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August 28, 2008 - Image 81

Resource type:
Text
Publication:
The Detroit Jewish News, 2008-08-28

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r

The Chapel
that recognizes
each family's individual needs.

Winer, Amy Winer, Diana Steinberg,
Jonathan Steinberg, Danielle Steinberg,
Shoshana Slow, Naomi Silow.
Mr. Steinberg was the beloved hus-
band of the late Dorothy Steinberg.
Contributions may be made to a
charity of one's choice. Services at the
Davidson-Hermelin Chapel at Clover
Hill Park Cemetery in Birmingham;
interment at Clover Hill. Arrangements
by Hebrew Memorial Chapel.

DOROTHY ZACK, 87, of Tucson,
Ariz., died Aug. 19, 2008.
She was an elementary school
teacher in Hazel Park and a reading
specialist.

Mrs. Zack is survived by her daugh-
ter and son-in-law, Julie and Tom
Saavedra; son and daughter-in-law,
Ron and Erlinda Zack; grandchildren,
Emily, Bethany, Rachel, Lindsay and
Skyezoe Zack, Brent, Alyssa, Sheldyn
and Arnie Lefevre; three great-grand-
children.
She was the beloved wife of the late
Sam Zack; loving mother of the late
Dr. Sheldon Zack.
Interment at Adat Shalom Memorial
Park. Contributions may be made
to Yeshiva Beth Yehudah, 15751 W.
Lincoln Road, Southfield, MI 48076.
Arrangements by Ira Kaufman Chapel.

Battle Scars

Israel treats troops for trauma disorder.

By Dina Kraft

Jewish Telegraphic Agency

Tel Aviv

T

he talk often turned to blood
at a group therapy session
for Israeli soldiers suffering
from post-traumatic stress disorder:
salty, sweet, warm, cold, covered in
your own or of the friend who did not
survive.
"The smell of blood, that's what stays
with you',' Tom Shechter, 22, says matter-
of-factly.
Shechter, a combat medic, was badly
injured during the 2006 Lebanon war.
He was setting up a field hospital in an
empty school building in a Lebanese
village when he was hit by a Hezbollah
missile.
Like Shechter, the other men in the
group were injured in combat during the
war with Hezbollah, which ended two
years ago.
This group and dozens of others like
it that treat reservists and active-duty
soldiers suffering from post-traumatic
stress disorder, or PTSD, are a reminder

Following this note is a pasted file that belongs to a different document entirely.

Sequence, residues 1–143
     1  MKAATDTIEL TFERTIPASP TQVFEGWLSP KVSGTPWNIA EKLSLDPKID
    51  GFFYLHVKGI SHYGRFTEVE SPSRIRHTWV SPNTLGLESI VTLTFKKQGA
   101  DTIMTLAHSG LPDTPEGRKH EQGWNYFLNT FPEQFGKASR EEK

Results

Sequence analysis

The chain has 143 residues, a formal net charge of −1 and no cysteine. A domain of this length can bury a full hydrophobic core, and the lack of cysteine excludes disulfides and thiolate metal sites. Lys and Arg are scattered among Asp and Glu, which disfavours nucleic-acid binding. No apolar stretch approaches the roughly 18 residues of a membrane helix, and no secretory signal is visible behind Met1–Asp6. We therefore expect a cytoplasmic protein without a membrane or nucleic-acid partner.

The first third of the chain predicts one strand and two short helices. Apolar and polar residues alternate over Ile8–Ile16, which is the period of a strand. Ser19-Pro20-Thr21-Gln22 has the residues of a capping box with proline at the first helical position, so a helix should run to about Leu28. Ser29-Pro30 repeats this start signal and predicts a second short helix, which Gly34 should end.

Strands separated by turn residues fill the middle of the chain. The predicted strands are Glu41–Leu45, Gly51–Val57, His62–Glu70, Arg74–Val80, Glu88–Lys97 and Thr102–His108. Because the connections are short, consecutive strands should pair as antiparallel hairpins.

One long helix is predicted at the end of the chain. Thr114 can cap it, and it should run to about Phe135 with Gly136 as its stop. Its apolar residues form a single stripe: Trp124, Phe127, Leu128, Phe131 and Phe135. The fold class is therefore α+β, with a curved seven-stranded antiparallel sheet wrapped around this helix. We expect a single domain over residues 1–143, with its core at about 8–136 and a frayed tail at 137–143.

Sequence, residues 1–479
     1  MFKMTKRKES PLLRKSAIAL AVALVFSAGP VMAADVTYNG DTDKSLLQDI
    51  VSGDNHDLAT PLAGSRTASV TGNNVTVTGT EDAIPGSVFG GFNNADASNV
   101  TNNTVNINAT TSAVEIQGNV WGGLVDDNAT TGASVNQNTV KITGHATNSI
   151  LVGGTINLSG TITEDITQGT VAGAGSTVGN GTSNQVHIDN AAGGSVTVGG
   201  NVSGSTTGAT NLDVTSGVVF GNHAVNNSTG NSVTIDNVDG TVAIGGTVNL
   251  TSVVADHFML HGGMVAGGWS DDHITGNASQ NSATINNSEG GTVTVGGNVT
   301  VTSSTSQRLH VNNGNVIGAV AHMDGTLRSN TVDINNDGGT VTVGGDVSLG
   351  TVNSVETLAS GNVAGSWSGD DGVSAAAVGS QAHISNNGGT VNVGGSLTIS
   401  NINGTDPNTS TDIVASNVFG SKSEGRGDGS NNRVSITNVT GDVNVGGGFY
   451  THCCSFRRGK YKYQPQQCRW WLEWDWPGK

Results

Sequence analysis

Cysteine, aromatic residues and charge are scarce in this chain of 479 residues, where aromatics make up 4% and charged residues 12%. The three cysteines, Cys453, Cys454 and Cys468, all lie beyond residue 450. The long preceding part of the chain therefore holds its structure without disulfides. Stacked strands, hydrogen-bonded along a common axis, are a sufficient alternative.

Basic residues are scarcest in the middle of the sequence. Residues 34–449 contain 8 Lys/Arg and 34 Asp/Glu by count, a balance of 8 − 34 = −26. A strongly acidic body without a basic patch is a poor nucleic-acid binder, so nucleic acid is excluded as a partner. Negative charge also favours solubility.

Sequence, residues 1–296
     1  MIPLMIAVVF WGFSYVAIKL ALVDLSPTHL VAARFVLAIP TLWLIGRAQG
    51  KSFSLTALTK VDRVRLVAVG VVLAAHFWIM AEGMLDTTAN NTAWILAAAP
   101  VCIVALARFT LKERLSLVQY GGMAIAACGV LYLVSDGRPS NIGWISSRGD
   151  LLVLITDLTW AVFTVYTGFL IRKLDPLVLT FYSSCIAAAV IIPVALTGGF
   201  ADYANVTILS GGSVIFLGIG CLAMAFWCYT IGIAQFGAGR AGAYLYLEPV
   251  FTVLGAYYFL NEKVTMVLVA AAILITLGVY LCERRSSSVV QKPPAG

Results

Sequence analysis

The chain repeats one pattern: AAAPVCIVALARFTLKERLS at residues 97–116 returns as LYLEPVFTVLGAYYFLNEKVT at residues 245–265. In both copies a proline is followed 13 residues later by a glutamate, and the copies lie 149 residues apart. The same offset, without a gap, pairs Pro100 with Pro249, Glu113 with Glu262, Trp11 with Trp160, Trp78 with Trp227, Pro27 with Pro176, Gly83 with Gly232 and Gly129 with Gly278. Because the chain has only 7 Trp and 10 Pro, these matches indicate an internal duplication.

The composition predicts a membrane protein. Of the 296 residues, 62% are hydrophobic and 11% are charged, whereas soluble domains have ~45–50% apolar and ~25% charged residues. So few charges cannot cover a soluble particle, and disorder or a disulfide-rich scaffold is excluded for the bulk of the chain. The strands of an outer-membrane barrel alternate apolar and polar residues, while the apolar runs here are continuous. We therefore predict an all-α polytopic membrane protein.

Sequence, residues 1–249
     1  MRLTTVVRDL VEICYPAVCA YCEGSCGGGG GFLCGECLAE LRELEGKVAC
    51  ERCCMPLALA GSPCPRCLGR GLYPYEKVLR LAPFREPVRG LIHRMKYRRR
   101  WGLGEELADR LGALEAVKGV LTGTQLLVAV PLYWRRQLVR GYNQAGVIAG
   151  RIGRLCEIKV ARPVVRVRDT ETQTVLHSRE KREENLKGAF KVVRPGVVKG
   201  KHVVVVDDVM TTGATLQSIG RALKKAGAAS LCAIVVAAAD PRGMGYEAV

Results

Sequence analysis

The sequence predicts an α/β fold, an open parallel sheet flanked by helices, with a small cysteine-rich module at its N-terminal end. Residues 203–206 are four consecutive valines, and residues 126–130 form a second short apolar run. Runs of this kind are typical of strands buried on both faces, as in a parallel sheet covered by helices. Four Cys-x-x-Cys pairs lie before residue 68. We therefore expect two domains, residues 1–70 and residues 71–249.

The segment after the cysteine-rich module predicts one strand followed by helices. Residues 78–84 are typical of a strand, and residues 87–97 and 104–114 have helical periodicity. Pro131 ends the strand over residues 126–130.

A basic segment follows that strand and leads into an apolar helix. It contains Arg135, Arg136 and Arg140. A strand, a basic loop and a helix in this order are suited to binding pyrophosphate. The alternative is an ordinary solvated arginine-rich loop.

of one of the least visible but most pain-
ful scars of the 2006 war.
They are also a sign of the progress
Israel has made in reducing the stigma
traditionally associated with PTSD in
Israeli society, where military service
is mandatory and everyone either has
fought in a war or knows someone
who did.
Even public service announcements
on the radio urge war veterans who
suffer from trauma symptoms — they

include difficulty sleeping or concentrat-
ing and problems interacting with fam-
ily and friends — to call a help hot-line.
"Today it is no longer treated as some-
thing to be ashamed of says Miri Shalit,
who supervises the Defense Ministry's
Tel Aviv rehabilitation department and
is a psychologist and social worker by
training. "You can see the difference, for
example, from the Yom Kippur War [in
1973] — it took people years to seek
help."
Shalit credits a new, more cognitive
therapeutic approach — patients are
encouraged to recount in detail the trau-
mas they endured so they can begin to
process the events and overcome them
— for better success rates in treating
PTSD.
The Israel Defense Forces now trains
combat officers to work with their sol-
diers in the aftermath of attacks or diffi-
cult incidents as part of an effort to pre-
vent cases from developing into PTSD.
The concept, based on years of
research conducted in Israel and abroad,
is to debrief as soon as possible after
the traumatic event in a safe place away
from the battlefield.
In providing a supportive framework
within the soldiers' units to discuss trau-
matic incidents soon after they happen,
the focus is on preventing PTSD, said a
senior army psychologist.
During the debriefing, the soldiers
can review the facts of the incident
together, and share their thoughts and
feelings. They can understand, too,
that it's normal to have intense reac-

Our heartfelt
condolences
to the families
we have served.

We serve the entire
Jewish community
by bringing together
our rich traditions
with customized,
sensitive services.

IDA BEYLINSON
Rabbi: Yosef Mishtdovin
of Bais Chabad of North Oak Park
Hebrew Memorial Park Cemetery

ROBERT BICHKOFT
Rabbi: Paul Yedwab
of Temple Israel
Machpelah Cemetery

Associated with all cemeteries.

ALLEN C. GROSS
Rabbi: Herbert Yoskowitz
of Mat Shalom Synagogue
Rabbi: Elimelech Silberberg
of Chabad — West Bloomfield

Please call us at:
(248) 543-1622

Outside Michigan at:
1-800-736-5033

REBECCA RUBIN-BORAK
Rabbi: Elliot Pachter
of Congregation B'nai Moshe
Cantor: Earl Berris
of Congregation B'nai Moshe
Beth Milo Emanuel Cemetery

26640 Greenfield Road
Oak Park, Michigan 48237

lainft

vir AIM

magi A y AIME=

Rabbi Boruch E. Levin

11.1111111

Robert H. Bodzin

Executive Director, H.B.S.

Elaine Klein

Funeral Coordinator

Scars on page B40

RGor KEMP[.ER
Rabbi: David Nelson
Hebrew Memorial Park Cemetery

Funeral Director

threw
emorial
Chapel

Mark E. Klinger

Funeral Director

From Generation to Generation

1 ,407220

August 28 • 2008

B39

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